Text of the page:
The only thing I love more than design is food. It only seems natural that my heart flutters with pitters and patters when I stumble across a restaurant where the delicious design rivals the elegant menu. Tartinery is one such place; this clever little space, and source of French bistro food, is just one more reason to visit Manhattan.
I want to devour the industrial elements, the tables embellished with pragmatic typography, the texture of exposed brick, the soft powder of a chalk menu, and rough, raw wood. And, yes, that’s a living tree growing comfortably under high ceilings, flanked by reclaimed wood benches. It’s beautiful and savory, and we haven’t even touched on the menu (which is also, well, beautiful and savory).
Here’s an excerpt from the Tartinery website…
Tartinery is the modern version of the traditional French bistro. Its concept, inevitably, revolves around the Tartine, which can be described as a classic and gourmet open-faced sandwich served on a razor-thin slice of toasted bread. Of course, our feature bread is the well-renowed Poilane country bread from St Germain-des-Pres in Paris. We have taken a no fuss approach to French cuisine by going back to basics and letting the ingredients do the talking. The menu is simple, healthy and authentic. In addition, we also offer typical salads, seasonal soups (hot & chilled), homemade desserts, freshly squeezed juices and a unique selection of boutique and organic wines. The entire menu is chalk-written on the wall above the concrete bar. Chalk walls are also found in the restrooms, where customers can leave their own personal messages. The industrial decor is a tactful blend of New York classics and european soul. Raw and reclaimed materials form the roof of the restaurant and contribute to the retro contemporary feel. We seek to promote a culture defined by “retro-innovation” – to capture the best of the past and merge it with the best of the modern. This notion symbolizes the perfect equilibrium between traditional catering and an innovative business model tailored to today’s consumer needs.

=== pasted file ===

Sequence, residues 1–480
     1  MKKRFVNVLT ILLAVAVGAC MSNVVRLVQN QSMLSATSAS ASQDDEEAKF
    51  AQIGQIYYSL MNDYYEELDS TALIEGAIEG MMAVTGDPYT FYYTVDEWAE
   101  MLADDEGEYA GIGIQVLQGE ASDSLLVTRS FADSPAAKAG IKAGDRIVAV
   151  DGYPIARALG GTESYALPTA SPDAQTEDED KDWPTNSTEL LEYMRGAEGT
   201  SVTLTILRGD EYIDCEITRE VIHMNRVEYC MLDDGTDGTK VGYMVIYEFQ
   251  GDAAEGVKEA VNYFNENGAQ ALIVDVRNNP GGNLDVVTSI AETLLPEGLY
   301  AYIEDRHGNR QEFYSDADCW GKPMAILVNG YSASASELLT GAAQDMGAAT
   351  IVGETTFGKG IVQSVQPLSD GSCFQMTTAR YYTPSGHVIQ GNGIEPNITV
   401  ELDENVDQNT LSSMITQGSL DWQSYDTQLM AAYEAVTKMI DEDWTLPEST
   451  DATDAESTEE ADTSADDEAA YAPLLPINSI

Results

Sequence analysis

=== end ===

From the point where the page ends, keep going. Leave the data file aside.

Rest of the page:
Tartinery has been added to my Manhattan to-do list (along with Interieurs). There is only one question left. What do I get my hands on first? The misty flour of Poilane country bread or the chalk residue from the message I will undoubtedly leave in the restroom?